Marlene is a Missionary to South Africa. She and her husband are working in a Bible School. For more info on the Spains, click here.
Rustenburg, South Africa, is where I currently hang my purse. You may not have heard of it; I hadn’t either until a couple of years ago when the Lord made it clear He was directing our path this way. Rustenburg is a small blip on the South African map about two hours northwest of Johannesburg, with a population of about 383,000. This small city, one of the fastest-growing cities in South Africa, has impacted the world! Yup, Rustenburg, South Africa—a place most people have never heard of.
South Africa, specifically the Rustenburg area, is the world’s largest producer of platinum (80 percent)! Platinum is the most valuable of precious metals. It’s estimated that one-fifth of everything we use either contains platinum or requires it in its manufacture. Among all the modern uses of platinum, most annual production is consumed within two categories: catalytic converters and fine jewelry. So chances are Rustenburg platinum has touched your life if you’ve ever owned a car or nice jewelry.
Our landscape is dotted with the mining industry. Not only do we see huge mining structures, complexes, and mini cities, but we also see the shantytowns that house the thousands and thousands and thousands of migrant workers who have moved to this area from Lesotho, Botswana, Zimbabwe, and other places to find work in the mines. And because there’s such a large population of migrant workers from very rural Africa, the urban and rural worlds are colliding. Men leave their rural villages to find work, then send money home to support their families. They are the breadwinners, and it’s important they maintain a paycheck.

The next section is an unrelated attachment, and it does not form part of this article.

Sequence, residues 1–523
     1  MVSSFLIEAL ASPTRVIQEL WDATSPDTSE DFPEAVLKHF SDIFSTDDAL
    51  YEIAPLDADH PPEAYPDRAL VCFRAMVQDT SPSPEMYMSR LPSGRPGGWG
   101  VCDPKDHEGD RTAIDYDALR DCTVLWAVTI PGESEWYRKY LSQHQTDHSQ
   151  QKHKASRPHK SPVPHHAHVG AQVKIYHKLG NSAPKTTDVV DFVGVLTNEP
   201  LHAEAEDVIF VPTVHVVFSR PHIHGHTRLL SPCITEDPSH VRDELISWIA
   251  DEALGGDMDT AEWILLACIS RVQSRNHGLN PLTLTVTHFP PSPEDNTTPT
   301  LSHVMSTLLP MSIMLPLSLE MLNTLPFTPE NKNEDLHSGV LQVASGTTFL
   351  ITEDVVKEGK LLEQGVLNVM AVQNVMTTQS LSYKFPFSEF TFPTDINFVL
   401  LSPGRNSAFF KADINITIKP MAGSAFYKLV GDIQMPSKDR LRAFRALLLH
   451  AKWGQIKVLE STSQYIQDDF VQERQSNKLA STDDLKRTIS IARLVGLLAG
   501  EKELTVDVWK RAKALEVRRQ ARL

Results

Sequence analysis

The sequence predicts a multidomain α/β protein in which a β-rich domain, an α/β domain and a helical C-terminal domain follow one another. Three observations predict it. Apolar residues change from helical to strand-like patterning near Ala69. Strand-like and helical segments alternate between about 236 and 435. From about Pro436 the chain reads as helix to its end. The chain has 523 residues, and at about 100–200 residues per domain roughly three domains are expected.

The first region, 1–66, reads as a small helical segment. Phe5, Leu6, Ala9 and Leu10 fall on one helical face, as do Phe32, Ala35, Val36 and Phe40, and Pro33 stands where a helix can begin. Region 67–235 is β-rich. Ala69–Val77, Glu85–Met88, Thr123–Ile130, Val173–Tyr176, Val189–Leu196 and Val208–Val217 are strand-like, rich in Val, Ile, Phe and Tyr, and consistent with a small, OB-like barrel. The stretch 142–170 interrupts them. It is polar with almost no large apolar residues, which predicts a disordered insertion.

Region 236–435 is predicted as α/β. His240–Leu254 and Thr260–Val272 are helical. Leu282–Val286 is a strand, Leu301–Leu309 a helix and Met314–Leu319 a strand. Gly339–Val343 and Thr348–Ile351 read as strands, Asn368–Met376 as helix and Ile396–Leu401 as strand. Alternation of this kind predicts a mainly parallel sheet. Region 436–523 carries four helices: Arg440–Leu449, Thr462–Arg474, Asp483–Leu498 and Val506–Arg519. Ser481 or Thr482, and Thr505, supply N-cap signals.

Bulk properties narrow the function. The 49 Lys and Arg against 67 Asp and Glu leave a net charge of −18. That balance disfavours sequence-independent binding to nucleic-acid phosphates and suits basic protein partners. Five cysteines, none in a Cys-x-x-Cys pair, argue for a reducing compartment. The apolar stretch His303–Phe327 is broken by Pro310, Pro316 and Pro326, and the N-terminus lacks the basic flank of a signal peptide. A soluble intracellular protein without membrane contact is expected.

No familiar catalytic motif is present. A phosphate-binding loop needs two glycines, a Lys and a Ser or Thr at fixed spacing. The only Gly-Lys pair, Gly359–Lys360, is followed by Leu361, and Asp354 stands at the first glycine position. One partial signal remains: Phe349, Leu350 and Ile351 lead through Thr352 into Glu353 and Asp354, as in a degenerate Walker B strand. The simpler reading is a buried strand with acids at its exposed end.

However, platinum prices have been falling in the past few years. This has tremendously impacted the labor force, resulting in thousands losing their jobs. The platinum mines have supported this community of Rustenburg from top to bottom. Now these migrant workers are coming into town hoping to find any employment. They arrive early to town each morning and line the streets, sitting on rocks or other makeshift seats, hoping someone will stop and hire them for manual labor for the day.
My heart is burdened for these men. I see more and more every day. I wonder how the church of South Africa can effectively reach the nations that have showed up on our doorstep. They may be migrant here on earth, but they need a home in heaven!